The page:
4. Appoint former alum to oversee player development — Despite receiving high marks for their 2016 draft, the Vikings’ rookies rarely saw the field and lacked meaningful contributions to the team. Minnesota spent a first-round-pick on a wide receiver who saw three targets all year. The Vikings would greatly benefit from someone who can offer guidance through their experience and assist in the development of their young players. A former alum who knows the organization and is familiar with the league would be ideal to help Minnesota’s rookies transition to the NFL. Fran Tarkenton might be the best man for the job.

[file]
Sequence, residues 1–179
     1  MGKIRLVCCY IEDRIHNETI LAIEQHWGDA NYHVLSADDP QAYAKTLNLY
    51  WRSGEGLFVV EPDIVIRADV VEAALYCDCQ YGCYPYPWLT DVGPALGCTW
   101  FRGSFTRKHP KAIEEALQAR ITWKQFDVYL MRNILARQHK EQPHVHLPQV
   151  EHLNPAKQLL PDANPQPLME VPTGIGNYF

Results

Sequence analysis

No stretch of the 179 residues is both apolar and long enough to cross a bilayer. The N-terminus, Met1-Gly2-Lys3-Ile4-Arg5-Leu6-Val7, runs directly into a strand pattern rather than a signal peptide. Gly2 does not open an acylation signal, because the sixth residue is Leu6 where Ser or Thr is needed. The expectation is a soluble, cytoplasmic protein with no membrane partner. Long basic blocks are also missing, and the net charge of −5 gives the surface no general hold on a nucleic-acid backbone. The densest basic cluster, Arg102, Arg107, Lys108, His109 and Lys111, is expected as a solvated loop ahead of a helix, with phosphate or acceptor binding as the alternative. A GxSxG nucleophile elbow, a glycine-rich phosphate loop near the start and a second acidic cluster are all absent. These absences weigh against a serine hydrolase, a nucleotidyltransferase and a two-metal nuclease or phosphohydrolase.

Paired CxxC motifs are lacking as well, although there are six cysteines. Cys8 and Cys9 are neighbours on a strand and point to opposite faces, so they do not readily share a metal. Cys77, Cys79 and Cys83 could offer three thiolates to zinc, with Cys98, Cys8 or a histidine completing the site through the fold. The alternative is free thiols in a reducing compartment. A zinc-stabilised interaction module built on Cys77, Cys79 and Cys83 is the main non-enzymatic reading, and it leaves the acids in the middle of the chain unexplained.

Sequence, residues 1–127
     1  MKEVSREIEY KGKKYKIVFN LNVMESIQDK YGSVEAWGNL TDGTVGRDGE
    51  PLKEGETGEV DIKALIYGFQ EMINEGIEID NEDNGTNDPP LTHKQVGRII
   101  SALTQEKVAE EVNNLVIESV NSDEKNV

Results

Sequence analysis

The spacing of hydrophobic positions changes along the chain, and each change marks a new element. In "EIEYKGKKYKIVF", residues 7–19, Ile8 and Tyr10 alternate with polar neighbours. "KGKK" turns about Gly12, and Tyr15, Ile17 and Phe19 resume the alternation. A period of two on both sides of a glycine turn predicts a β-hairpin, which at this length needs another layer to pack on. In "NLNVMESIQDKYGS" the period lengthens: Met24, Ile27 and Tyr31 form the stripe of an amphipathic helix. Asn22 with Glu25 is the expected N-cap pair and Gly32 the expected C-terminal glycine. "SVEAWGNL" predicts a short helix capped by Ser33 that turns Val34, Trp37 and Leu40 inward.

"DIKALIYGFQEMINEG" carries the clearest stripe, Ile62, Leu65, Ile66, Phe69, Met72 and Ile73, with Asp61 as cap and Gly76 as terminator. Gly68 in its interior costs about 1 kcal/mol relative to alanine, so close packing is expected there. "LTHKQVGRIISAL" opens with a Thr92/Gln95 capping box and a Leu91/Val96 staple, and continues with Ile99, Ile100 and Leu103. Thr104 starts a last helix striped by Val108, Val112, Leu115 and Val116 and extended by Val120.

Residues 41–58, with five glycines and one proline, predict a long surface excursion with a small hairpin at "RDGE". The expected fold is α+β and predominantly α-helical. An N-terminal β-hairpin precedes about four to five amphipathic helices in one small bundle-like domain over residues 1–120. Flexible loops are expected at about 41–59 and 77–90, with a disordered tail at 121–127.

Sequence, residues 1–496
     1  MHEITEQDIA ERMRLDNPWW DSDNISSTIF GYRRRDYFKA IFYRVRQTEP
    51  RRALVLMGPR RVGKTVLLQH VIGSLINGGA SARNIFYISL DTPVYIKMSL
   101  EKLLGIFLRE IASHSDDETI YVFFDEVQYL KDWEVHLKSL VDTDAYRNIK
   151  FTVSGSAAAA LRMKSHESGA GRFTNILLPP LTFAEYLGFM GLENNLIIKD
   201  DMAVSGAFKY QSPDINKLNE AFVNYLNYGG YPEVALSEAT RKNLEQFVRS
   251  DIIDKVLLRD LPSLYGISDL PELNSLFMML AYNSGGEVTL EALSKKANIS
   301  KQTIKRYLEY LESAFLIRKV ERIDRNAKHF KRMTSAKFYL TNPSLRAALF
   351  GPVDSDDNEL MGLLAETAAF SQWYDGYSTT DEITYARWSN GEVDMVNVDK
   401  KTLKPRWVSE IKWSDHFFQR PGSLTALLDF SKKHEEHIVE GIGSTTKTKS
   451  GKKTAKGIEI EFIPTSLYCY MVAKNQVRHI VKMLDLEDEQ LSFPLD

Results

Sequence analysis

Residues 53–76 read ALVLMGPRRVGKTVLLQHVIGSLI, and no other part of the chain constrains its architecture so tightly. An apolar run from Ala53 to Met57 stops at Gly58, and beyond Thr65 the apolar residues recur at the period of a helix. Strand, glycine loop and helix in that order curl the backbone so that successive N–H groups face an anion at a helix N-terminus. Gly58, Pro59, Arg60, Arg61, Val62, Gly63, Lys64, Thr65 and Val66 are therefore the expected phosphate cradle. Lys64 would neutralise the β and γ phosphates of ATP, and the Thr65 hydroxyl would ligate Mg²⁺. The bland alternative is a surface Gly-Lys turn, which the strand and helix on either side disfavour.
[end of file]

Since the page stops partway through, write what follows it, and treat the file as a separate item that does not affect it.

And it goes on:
5. Cut the dead weight — There are far too many members of the Vikings taking up valuable roster positions while underperforming on the field and failing to live up to their potential. Cutting them will give others a chance to make much-needed contributions and help take this team to the next level. Instead of overpaying these on-field liabilities, the money could be better spent on players who can deliver meaningful production. The Vikings have invested too much into guys like Matt Kalil, Sharrif Floyd and Andrew Sendejo, who continue to disappoint and fail to meet expectations. It is time to move on from them and find better fits for this team.